invoices. Further savings can be achieved by reducing time spent by internal staff dealing with utility issues. This type of saving can often outweigh the cost of an energy bureau service, which should equate to less than 0.5% of the total utility expenditure. We perform over 50 individual checks on every invoice processed. Our validation process is defined by strict quality controlled procedures to ensure that all billing errors are identified and corrected.

Accounts Payable - Faster solutions, accurate results Changing to electronic billing and using a system that can import and validate these invoice files provides a much more efficient way of processing utility invoices. Once validated, invoices can be included on a consolidated accounts payable file that can be imported to most accounts software. This process further reduces the time internal staff spend processing invoices and also ensures that duplicate or incorrect payments are eliminated.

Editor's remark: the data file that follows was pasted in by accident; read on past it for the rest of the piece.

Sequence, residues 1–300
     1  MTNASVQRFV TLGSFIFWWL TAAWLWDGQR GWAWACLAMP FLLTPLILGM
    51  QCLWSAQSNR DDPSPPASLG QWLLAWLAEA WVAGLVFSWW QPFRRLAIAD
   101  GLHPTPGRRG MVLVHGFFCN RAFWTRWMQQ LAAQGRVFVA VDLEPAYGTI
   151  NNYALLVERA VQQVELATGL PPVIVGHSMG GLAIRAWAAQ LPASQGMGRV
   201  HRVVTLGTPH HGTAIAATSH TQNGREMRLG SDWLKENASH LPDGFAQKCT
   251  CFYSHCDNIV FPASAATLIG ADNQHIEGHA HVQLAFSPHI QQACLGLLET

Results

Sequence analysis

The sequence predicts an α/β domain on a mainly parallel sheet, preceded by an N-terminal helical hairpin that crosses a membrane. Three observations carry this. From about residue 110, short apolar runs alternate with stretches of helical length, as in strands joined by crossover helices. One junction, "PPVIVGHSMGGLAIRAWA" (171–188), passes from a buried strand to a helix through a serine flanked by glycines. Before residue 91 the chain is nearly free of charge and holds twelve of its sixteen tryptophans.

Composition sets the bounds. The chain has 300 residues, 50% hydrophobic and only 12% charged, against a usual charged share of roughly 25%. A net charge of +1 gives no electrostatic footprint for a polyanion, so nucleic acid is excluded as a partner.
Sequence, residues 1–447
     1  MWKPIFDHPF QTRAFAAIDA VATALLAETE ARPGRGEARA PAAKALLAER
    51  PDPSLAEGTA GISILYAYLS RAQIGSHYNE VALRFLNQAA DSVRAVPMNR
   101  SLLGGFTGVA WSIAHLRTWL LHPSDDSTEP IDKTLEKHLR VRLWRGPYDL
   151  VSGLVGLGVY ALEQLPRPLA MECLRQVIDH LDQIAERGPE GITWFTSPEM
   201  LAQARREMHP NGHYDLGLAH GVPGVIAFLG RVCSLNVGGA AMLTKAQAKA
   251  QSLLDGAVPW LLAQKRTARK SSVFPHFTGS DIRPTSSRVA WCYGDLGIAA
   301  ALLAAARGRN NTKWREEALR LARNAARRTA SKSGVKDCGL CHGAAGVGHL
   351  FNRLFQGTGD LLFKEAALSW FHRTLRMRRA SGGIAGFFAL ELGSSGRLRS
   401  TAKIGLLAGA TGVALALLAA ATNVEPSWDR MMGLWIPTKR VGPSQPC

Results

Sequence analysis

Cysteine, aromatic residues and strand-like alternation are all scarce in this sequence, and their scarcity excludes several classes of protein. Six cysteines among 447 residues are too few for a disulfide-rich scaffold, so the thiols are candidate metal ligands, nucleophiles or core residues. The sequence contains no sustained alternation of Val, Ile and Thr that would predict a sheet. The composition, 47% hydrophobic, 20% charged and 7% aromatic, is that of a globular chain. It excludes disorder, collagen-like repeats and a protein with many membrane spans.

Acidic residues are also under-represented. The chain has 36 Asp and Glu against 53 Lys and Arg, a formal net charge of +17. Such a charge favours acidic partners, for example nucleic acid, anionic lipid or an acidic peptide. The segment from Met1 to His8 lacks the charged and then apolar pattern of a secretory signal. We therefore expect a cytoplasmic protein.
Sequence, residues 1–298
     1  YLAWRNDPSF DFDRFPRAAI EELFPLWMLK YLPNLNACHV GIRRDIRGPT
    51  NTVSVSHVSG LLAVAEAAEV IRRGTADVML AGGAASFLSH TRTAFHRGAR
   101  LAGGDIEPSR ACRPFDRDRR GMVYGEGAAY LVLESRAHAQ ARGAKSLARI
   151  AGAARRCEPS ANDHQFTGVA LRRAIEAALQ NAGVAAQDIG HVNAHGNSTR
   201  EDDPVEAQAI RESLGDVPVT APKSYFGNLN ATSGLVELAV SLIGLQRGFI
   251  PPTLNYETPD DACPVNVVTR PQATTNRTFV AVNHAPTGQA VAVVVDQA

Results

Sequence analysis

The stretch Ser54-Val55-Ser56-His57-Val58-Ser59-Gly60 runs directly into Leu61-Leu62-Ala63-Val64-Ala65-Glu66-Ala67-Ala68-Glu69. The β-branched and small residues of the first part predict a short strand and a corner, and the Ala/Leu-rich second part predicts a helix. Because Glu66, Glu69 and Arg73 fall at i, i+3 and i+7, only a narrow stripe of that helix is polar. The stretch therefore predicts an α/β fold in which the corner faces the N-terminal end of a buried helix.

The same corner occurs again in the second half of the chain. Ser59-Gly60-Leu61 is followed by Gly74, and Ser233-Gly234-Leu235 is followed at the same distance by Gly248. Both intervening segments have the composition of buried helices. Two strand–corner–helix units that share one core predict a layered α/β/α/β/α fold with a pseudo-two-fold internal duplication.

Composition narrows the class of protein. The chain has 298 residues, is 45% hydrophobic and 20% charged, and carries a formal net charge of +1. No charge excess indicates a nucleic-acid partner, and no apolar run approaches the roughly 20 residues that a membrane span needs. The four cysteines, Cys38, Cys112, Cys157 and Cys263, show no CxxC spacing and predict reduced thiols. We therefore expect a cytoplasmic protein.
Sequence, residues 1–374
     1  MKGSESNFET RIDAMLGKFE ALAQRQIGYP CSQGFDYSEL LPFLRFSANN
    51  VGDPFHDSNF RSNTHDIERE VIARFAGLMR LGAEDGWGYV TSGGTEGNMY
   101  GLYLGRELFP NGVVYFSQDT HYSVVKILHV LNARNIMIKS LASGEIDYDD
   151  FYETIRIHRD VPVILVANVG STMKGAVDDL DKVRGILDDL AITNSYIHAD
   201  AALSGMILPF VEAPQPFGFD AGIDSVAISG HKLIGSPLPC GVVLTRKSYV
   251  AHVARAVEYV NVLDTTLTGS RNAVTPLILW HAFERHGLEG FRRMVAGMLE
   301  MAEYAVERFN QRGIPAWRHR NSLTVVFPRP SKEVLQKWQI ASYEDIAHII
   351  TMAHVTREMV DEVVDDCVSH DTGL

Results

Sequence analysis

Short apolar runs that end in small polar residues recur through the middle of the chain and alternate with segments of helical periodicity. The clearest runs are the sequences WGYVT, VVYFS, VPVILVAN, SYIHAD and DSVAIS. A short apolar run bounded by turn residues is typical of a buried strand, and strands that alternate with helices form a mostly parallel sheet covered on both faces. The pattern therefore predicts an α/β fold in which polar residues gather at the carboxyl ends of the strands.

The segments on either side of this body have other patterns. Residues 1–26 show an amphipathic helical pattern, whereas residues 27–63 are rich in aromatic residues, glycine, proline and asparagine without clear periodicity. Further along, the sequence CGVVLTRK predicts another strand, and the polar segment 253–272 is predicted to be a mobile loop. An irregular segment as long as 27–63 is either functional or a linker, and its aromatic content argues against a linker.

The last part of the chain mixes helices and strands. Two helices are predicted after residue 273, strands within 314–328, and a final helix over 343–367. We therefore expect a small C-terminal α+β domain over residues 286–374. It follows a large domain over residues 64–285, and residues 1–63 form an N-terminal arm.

Profile Alerts - Highlighting wastage STC recommends setting consumption targets and undertaking proactive monitoring, using traffic-light reporting and profile exception alerts. STC provide half-hourly and AMR profile data


Feature

Sector costs management for electricity, gas and water meters and loggers. We use sophisticated software modelling to build a picture of site’s consumption profile, which is then automatically monitored for exceptions. Any deviations will trigger an email alert, and can be viewed on a map-based site exception dashboard. Reporting can quickly highlight which sites are over target, enabling swift corrective action. Profile alerts are very successful in identifying wastage directly, and in suggesting behavioural changes that can be implemented to reduce wastage.